• 05 May 2010
    The following scenes are all in "The Vampire Prince", but with slight differences. When I wrote the first draft of the book, I gave the wolves quite human emotions -- until my editor pointed out the fact that this made them seem like Lassie!! But here, for those of you who are curious, are what the scenes with the wolves first read like.

    The Vampire Prince

    CHAPTER SEVEN

    A few more days slipped by. I was so glad to be alive, I was savouring every moment of it. My body had healed almost completely, though faint bruises lingered in certain parts. My strength had returned. I was full of vim and vinegar (one of my Dad’s expressions; I never figured out what it actually meant), rearing to go.

    I took hardly any notice of the cold. I’d grown used to the nip of the wind and the chill of the snow. The occasional strong blast set me shivering, but most of the time I felt as natural wandering about as the wolves.

    I’d been accepted as an equal member of the pack now that I was back on my feet, and I was constantly out hunting — since I was able to run faster than the wolves, my services were in great demand. I was gradually coming to terms with the way they thought and communicated. I couldn’t read their thoughts but most of the time I had a good idea what they were thinking — I could tell by the way they hunched their shoulders, widened or narrowed their eyes, perked or dropped their ears and tails, growled or barked or whined. On the hunt, if Streak or another wolf wanted me to go to the left or the right, they only had to look at me and twitch their heads. If a she-wolf wanted me to play with her cubs, she howled in a certain soft way, and I knew she was calling me.

    The wolves, for their part, seemed able to understand everything I said. I rarely spoke – there wasn’t much need for words – but whenever I did, they’d cock their heads intently and listen, then reply with a yap or gesture.

    We moved around a lot, as was the wolfen way. I kept an eye open for Vampire Mountain, but didn’t spot it. That puzzled me — the reason the wolves met out here in the wilds was to converge on the mountain and eat the leftovers that the vampires threw to them. I decided to ask Streak about it, though I didn’t think he’d be able to comprehend my question or fashion a reply. To my surprise, when I mentioned Vampire Mountain, the hackles rose on the back of his neck and he growled.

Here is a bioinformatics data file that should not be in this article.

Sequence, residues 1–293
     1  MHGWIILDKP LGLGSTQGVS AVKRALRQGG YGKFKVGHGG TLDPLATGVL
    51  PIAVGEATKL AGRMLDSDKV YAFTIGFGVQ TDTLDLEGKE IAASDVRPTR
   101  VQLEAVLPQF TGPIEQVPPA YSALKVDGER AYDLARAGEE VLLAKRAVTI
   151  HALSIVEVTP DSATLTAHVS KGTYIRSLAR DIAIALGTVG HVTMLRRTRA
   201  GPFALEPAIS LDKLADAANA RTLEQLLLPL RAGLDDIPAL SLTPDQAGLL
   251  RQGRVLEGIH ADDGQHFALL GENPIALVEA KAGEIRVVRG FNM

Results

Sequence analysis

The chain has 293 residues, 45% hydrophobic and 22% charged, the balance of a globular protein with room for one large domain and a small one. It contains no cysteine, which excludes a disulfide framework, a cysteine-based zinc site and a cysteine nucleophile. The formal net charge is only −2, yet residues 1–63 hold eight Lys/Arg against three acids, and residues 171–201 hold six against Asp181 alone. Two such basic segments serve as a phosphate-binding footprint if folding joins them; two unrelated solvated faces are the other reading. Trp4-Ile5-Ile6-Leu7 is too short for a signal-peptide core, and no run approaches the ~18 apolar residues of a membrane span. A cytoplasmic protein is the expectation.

“You don’t want to go there?” I asked. “Why not?” Streak put his nose to my right palm, smelt it, and licked me. Then he put his nose to my left palm, smelt it, and growled. “The vampaneze?” I guessed. By the expression in his eyes, I knew I was right. The wolves knew of the plotting vampaneze hidden away in the secret tunnels and caves, and that’s why they were avoiding the mountain.

    CHAPTER NINE

    Once we were back with the pack, I explained to Streak that I had to leave. The wolf didn’t understand why I was so eager to go, so I told him about the vampaneze and the threat they posed to the vampires. “I have to get to the Princes and warn them about Kurda,” I said.

    When I finished, Streak yapped and made a few gestures with his paws and head.

    “I know it’s a long way,” I said. He looked at me and blinked slowly. “You’ll come with me as a guide?” I interpreted. “Thanks.” Streak then went through a series of perplexing motions, clawing the snow, then running his nose over the marks he’d made. When he repeated them, I understood what he was asking. “I think I’ll be able to find my way up through the tunnels, but I don’t know who I can trust any more. I doubt if Kurda has many vampire accomplices, but I think the Guardians of the Blood are working with him. Also, the guards on the main gate might execute me on sight.”

    Streak ran his nose over the tracks he’d made again, then turned and padded away. I followed, wondering what the wily wolf was up to.

    He led me to a shabby she-wolf resting slightly away from the rest of the pack. I’d noticed her before, but hadn’t paid much attention to her — she was very old, not far from death’s door, and hadn’t much to do with the pack. The younger wolves occasionally tossed her scraps of food, but didn’t make a fuss of her, and never invited her to hunt or care for cubs. Wolves were like that with the weak or elderly.

    The she-wolf regarded us suspiciously as we approached. Struggling to her feet, she backed away cautiously, but Streak dropped to his belly and rolled over to show he meant no harm. I did the same and the she-wolf relaxed. When Streak sat up, he pressed close to the she-wolf, whose eyes weren’t strong, and stared at her long and hard, communicating wordlessly. He made marks in the snow, similar to the ones he’d made for me, then barked at the old she-wolf. She peered at the marks a moment, then made a few of her own, and I understood what was happening — the she-wolf knew a secret way into the mountain!